Updated: February 23, 2019 1:17:01 pm
At least five of the institutes where Kashmiri students were targeted after the Pulwama attack are covered under the Prime Minister’s Special Scholarship Scheme (PMSSS) — a merit-based programme that offers admission to students of Jammu and Kashmir (J&K) in colleges, institutes and universities across the country and pays for their tuition and board.
And at least five of the Kashmiri students who have been expelled or suspended so far, for what complainants content on social media, had secured admission through PMSSS.
Watch: Kashmiris attacked in several parts of India
An analysis of official records by The Indian Express shows that Geeta Engineering College in Panipat and Moradabad Institute of Technology (MIT), which recently witnessed protests against their students from Kashmir, as well as Quantum University in Roorkee, Bharat Institute of Technology in Meerut, and Shree Guru Gobind Singh Tricentenary University in Gurgaon, which suspended/expelled Kashmiri students for their comments/ posts on social media, are on the government’s list of institutions covered under PMSSS.
In fact, a student suspended from Moradabad Institute of Technology (MIT) and another from Bharat Institute of Technology had taken admission through PMSSS, the administration of the respective institutes confirmed to The Indian Express. MIT has decided not to host PMSSS scholars from the new academic session starting July.
Roorkee-based Quantum University expelled seven Kashmiri students for allegedly posting anti-national content on Instagram — three of them had been admitted through the scholarship scheme.
At Geeta Engineering College in Panipat, Kashmiri students suffered a harrowing 24 hours, from the night of February 17 to the next evening, after some men from a neighbouring village allegedly raised slogans during a candlelight march, demanding that their names be struck off the rolls. Although the police resolved the problem, many students, at the behest of the college administration, left for home fearing violence.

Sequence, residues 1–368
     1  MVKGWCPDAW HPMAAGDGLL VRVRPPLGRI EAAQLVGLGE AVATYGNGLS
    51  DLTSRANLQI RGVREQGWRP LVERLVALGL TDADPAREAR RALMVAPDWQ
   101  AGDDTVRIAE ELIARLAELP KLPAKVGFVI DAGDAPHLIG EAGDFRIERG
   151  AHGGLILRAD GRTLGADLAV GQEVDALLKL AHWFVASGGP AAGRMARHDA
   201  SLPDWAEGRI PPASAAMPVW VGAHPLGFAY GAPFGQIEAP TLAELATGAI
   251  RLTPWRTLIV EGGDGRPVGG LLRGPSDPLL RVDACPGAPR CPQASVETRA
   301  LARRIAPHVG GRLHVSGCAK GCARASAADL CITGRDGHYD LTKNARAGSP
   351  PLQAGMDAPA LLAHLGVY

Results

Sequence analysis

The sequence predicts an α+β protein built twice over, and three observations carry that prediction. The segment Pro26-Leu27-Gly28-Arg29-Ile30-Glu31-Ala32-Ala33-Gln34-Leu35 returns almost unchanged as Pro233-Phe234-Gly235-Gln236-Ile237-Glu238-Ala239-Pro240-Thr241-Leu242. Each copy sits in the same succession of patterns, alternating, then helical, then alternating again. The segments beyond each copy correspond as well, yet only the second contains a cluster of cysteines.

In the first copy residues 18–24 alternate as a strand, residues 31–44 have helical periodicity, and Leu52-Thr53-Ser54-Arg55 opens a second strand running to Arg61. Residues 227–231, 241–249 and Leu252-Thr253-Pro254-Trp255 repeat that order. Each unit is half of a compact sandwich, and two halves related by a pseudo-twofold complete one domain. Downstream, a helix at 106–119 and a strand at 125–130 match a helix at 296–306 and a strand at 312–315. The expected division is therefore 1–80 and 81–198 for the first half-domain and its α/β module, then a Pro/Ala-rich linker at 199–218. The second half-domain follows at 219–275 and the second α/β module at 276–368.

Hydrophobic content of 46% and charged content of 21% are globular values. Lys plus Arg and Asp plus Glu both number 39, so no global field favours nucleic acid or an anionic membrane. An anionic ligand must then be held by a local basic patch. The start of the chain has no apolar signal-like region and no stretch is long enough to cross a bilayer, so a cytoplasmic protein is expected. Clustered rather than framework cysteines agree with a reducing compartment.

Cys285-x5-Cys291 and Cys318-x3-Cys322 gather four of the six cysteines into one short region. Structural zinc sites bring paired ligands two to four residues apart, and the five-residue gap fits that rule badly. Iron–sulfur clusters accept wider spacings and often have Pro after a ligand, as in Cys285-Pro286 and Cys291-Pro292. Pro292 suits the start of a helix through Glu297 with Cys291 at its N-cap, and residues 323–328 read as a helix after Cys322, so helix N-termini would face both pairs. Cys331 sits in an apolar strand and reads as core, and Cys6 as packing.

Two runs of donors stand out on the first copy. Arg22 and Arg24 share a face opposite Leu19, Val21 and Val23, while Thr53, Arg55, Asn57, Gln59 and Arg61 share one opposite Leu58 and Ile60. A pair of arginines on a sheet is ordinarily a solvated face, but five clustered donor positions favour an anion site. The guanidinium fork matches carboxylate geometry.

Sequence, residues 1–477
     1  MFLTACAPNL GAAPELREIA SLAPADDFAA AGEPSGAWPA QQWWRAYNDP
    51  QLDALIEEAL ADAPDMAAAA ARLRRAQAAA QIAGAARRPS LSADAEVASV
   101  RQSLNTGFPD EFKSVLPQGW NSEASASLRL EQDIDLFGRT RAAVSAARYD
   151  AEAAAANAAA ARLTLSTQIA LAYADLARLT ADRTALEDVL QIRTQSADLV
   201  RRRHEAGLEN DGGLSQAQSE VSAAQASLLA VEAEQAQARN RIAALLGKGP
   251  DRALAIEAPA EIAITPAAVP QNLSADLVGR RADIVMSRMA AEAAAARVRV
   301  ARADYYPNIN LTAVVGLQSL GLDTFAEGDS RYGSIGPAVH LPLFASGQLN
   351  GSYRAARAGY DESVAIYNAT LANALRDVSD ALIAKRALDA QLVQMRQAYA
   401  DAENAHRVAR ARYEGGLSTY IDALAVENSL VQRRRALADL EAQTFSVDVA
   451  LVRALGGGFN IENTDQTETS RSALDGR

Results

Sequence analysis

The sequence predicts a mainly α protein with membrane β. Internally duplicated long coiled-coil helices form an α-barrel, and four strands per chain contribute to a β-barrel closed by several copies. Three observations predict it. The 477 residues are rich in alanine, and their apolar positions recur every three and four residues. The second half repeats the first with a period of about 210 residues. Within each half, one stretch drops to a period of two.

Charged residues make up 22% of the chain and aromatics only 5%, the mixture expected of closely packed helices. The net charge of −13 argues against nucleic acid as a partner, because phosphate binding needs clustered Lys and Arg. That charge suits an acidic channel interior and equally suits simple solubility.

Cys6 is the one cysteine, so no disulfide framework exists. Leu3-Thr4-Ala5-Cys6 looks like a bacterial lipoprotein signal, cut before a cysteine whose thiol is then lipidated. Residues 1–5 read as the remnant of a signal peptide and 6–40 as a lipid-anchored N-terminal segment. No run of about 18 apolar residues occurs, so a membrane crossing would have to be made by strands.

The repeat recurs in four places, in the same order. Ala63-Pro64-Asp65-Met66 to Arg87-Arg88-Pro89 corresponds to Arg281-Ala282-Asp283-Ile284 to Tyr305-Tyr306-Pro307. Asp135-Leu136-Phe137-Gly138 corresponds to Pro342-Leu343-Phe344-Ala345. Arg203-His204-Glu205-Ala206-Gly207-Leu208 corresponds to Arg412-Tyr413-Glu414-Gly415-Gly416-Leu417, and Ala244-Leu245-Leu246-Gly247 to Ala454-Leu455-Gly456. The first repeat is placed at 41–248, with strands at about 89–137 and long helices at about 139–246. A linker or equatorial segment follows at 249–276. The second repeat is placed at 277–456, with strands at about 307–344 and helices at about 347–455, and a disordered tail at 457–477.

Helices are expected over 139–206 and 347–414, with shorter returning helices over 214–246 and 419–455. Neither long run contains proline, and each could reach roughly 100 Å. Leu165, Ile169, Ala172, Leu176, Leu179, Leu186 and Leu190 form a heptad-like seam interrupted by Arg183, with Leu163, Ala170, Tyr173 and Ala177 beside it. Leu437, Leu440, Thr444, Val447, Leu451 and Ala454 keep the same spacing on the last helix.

The college has been taking in students from J&K for the last four years through PMSSS. Shree Guru Gobind Singh Tricentenary University in Gurgaon, which admits J&K students to its nursing programme under PMSSS, rusticated a woman on Tuesday after some other students claimed her post on social media was objectionable. Protests began Tuesday morning, and only ended after the university decided to rusticate her.
Launched in 2011-12 by the UPA-II government, the scholarship programme is essentially meant to offer youngsters from J&K a share of opportunities across the country and, consequently, remove the “sense of alienation”.
Under the scheme, 5,000 scholarships are offered each year to students of J&K to pursue undergraduate studies in areas such as engineering, medical, nursing, pharmacy, hotel management, agriculture, architecture and commerce in a list of select institutes/ colleges/ universities that are recognised by the AICTE or approved by the UGC or respective regulatory bodies.
The scholarship covers expenditure towards tuition fee and maintenance charges for hostel, mess, books and other incidentals. The largest number of applications is usually received from Kashmir, followed by Jammu and Ladakh.
Over the last four years, a total of 9,604 students from J&K have got admission in institutes across the country through PMSSS. Of these, 8,780 are still studying in these institutes. The remaining either did not report to their institute after admission or eventually dropped out of the programme. The number of admissions has steadily increased since 2015-16.
The largest number of PMSSS scholars, since 2015-16, has been reported from Punjab, Maharashtra, Karnataka, Uttar Pradesh, Haryana, Rajasthan and New Delhi. Among the cities, Bengaluru and Pune have reported the highest number of J&K students.
📣 The Indian Express is now on Telegram. Click here to join our channel (@indianexpress) and stay updated with the latest headlines
- The Indian Express website has been rated GREEN for its credibility and trustworthiness by Newsguard, a global service that rates news sources for their journalistic standards.